Electric Picnic: ‘That’s only 48 divided by three cans a day’

Tribes are gathering and it’s all systems go in the opening hours in Stradbally

Archive Video: Day one of Electric Picnic 2015 starts off with a bang as the crowds arrive, the music starts and tents are pitched.

 

Fifty thousand people arrive at Stradbally in a Wacky Races traffic jam of campers, buses and jalopies. They’re here to commune with nature via massive sound systems, artisanal food and hundreds of thousands of plastic cups. Only every 50th car contains a disgruntled local who’s just going to the shops.

Inside, a whole town has been constructed with an economy based on beer, hippy sentiments and corporate branding. People are wearing fake Afros and cowboy hats and native-American head-dresses, as is tradition. There are plastic- flowers in hair, paint on faces and ear-protectors over the noggins of angry infants.

There are also T-shirts with interesting slogans, such as “don’t be a dick” and, mysteriously, “drummers are the second most f**ked member of the band”.

“Friday is so strange at Electric Picnic, ” sighs an ennui-filled, sunglasses-wearing girl called Karen Ryan. “Everyone is so . . . hung-under.”

Still, there are early outbursts of high spirits.

Beery person

Keith Richards

“That’s only 48 divided by 3 cans of beer a day,” he says and waves his arms. “I don’t like doing sums.”

Over at the Greencrafts area, craftspeople, blacksmiths and hula-hooping women prepare for the inevitable collapse of capitalism. Pat Lawless has made four beautiful chairs out of bits of tree and is whittling a bowl in a pre-Viking style.

“There isn’t even any electricity [in this section],” he says. “And over there you have the Electric Ireland stage. It’s the yin and yang.”

Naomi Hanlon and Susan Usher are flouncing around in wedding dresses. “It might be my last chance to wear a dress like this,” says Hanlon sadly, an old maid in her 20s. Hanlon’s father is taking photos of them and asking passersby, “do you want to marry one of them”?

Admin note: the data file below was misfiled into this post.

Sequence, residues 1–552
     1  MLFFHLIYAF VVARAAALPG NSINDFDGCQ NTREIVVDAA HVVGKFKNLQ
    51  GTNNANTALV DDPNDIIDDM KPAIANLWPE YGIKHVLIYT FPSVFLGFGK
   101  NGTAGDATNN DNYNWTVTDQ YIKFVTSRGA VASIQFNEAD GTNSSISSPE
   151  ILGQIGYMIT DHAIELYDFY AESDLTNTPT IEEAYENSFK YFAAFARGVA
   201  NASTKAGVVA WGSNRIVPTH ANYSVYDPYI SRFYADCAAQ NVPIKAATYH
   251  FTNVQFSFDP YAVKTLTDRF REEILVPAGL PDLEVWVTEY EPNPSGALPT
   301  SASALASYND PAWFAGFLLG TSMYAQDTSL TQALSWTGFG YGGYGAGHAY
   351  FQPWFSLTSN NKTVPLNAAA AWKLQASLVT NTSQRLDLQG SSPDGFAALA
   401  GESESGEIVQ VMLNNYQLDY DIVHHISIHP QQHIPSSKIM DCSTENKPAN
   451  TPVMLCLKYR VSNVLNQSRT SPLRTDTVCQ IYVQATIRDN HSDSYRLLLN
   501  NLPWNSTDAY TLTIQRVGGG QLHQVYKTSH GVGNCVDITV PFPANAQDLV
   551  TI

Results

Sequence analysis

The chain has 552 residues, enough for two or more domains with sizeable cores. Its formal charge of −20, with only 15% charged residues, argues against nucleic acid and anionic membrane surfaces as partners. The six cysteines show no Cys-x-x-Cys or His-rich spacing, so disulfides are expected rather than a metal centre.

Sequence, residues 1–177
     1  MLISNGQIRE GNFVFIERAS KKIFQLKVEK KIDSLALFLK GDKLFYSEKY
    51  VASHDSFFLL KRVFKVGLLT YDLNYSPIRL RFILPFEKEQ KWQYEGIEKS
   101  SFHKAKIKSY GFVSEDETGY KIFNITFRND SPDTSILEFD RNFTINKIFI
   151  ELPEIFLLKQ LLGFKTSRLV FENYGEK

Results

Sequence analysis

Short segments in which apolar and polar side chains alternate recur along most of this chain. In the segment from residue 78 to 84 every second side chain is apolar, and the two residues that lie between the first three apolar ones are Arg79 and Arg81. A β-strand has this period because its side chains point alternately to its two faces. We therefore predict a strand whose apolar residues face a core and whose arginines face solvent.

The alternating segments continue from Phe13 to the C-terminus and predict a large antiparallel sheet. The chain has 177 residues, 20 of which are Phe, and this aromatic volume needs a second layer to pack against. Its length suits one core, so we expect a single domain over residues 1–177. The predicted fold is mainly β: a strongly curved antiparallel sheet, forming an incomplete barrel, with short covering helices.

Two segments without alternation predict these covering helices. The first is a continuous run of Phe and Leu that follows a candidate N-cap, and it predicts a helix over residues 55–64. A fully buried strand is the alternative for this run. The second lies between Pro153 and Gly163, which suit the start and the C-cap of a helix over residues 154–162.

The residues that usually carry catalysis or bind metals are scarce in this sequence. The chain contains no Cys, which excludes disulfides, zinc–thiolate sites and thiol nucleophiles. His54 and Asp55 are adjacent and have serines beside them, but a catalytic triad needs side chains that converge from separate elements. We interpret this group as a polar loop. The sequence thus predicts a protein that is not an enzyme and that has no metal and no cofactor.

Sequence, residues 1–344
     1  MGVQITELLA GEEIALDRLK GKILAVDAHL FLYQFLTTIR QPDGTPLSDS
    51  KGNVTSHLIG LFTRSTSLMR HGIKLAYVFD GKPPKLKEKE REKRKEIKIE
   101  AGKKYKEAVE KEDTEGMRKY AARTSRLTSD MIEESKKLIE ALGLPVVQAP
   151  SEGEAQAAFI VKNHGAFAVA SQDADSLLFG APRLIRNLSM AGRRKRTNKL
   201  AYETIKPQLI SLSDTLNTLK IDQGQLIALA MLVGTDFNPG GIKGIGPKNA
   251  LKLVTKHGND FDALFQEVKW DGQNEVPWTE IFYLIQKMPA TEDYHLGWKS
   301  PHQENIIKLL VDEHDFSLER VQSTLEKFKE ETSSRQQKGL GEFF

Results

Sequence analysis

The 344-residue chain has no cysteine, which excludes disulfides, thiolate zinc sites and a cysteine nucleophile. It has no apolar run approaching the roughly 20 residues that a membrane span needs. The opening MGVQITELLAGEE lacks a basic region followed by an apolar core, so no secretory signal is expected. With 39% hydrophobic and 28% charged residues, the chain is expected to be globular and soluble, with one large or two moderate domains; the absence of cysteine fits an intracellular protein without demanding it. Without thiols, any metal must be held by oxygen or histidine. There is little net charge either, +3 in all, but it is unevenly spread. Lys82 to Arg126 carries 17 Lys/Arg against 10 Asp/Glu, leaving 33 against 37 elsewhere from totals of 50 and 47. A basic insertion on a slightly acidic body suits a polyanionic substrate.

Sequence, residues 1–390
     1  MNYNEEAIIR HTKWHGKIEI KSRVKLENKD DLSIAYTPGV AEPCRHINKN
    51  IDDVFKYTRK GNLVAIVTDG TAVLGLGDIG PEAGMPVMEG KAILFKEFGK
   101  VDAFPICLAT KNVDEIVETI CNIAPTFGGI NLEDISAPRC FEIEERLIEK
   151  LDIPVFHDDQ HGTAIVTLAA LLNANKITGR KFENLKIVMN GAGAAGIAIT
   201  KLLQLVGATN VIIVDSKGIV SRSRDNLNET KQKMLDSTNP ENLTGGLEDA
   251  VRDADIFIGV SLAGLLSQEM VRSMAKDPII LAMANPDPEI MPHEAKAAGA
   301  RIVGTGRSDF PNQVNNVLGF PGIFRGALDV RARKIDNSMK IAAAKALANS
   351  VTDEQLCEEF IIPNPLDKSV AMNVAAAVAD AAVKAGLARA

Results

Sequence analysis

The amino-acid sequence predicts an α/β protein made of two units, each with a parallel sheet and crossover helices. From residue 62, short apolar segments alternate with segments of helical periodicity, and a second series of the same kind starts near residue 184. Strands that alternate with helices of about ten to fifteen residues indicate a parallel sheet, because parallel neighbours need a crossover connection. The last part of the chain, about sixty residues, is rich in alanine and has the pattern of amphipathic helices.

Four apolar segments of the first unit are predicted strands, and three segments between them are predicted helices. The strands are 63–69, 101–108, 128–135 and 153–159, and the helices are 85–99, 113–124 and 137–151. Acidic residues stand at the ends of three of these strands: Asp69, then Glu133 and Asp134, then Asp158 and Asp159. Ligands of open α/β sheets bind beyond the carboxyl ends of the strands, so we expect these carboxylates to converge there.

Urination station

Maeve Foreman

Nearby is a full-sized London bus semi-buried in the earth.

“I saw it land,” says a man called Lab Tech Jack. He’s wearing a white coat and manning the Incredible De-Programming Machine, in which people have their pre-Electric Picnic lives sucked from their body.

“There was a big flash in the sky and then the bus came flying through the trees into the ground. The bus driver stumbled out of the smoke . . . He said it was 1972. We had to explain to him that it was 2015.”

Grand pianist

Stephanie ScullyWillie Ryan

He gets a turn. “Get a load of this,” he says proudly, before picking out a melody with one hand. “It’s the music from Inspector Morse.”

In Mindfield I meet Colm, a trusted source. “I’ll tell you what’s what,” he says. He tells me that Grace Jones might be performing “half-naked” in body paint.

“And look,” he says. “There’s Damon from Blur.”

We all turn and stare at a man who look a bit like, but definitely isn’t, Damon from Blur.

“Damon from Blur,” says Colm, shaking his head in wonder. “Imagine that.”